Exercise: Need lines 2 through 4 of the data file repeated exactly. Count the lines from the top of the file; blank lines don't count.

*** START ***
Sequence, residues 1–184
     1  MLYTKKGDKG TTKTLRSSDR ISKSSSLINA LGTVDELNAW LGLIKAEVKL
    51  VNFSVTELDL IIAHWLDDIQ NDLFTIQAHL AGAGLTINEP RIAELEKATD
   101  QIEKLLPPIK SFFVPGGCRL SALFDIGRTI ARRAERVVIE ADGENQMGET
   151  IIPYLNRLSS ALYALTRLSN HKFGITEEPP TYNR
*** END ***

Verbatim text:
     1  MLYTKKGDKG TTKTLRSSDR ISKSSSLINA LGTVDELNAW LGLIKAEVKL
    51  VNFSVTELDL IIAHWLDDIQ NDLFTIQAHL AGAGLTINEP RIAELEKATD
   101  QIEKLLPPIK SFFVPGGCRL SALFDIGRTI ARRAERVVIE ADGENQMGET